THE GIRL’S DELICATE HANDS trembled when she first made contact. In the darkened Philadelphia parlor, she sensed the presence of a sad-eyed man, a leader who had been struck down by an assassin’s bullet at the time of his greatest glory.
Her pen, which she insisted was guided by a force that moved her pliant fingers, slowly wrote out the leader’s “spirit messages” on a sheet of paper. The girl’s older sister, Elise Tiedemann, read the first words aloud to the guests around the séance table:
I am present
The dinner guests—some enthralled, others merely feigning interest—murmured to one another in German amid the parlor’s old-world furnishings. The spirit the girl claimed to be present was that of the President who had been murdered at Ford’s Theater in Washington a few months earlier: Abraham Lincoln.
The guest of honor at that evening’s séance was Carl Schurz, who was a political supporter of the late President, a Civil War general, and perhaps the most influential German American of his time. Half-jokingly, the bearded Schurz suggested to the girl: “Ask him if he knows why President Johnson has called me to Washington.”
A few of the guests laughed or cleared their throats; others leaned forward to hear the supposed spirit’s response. The girl—Charlotte, a fourteen-year-old with an angelic face—trembled as she slowly wrote out a message that Elise, sixteen, read aloud:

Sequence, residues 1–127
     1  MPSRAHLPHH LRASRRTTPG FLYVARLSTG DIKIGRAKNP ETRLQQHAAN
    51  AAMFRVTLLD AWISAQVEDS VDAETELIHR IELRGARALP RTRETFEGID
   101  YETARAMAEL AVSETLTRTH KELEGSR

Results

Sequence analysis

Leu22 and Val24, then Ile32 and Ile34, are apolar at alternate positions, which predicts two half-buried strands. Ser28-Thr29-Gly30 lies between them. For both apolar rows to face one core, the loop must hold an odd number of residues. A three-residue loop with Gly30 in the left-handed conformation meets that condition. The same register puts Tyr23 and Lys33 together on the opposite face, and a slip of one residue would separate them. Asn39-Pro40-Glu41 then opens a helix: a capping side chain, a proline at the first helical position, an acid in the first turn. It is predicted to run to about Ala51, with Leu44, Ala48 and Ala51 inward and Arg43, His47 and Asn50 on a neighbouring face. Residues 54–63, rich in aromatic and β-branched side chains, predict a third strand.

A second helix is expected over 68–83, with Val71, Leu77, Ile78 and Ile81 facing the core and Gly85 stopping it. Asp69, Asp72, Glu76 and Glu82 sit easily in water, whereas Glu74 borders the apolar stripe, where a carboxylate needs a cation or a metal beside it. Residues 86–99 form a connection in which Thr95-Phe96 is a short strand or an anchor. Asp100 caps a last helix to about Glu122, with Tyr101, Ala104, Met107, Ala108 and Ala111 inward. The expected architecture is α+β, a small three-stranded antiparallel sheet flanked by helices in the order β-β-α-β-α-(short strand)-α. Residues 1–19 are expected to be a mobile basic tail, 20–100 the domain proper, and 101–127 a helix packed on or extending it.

He would like you to make an important journey for him.
Amused but intrigued, Schurz—an intense man who wore wire-rimmed spectacles on a cord that clipped to the lapel of his long black dinner jacket—asked, again half-jokingly, if Lincoln’s spirit had any more to tell him. After a long pause, Charlotte wrote:
Yes, you will become a U.S. senator.
Some at the séance table smiled. “This seemed to me so fantastic that I could scarcely restrain my laughter,” Schurz recalled later. “I asked further, ‘From what state?’” The spirit’s response: Missouri. Schurz laughed aloud this time. “Nothing . . . was more unlikely than my becoming a senator from Missouri,” he remembered. “My legal residence was Wisconsin and it was my earnest intention to return there.”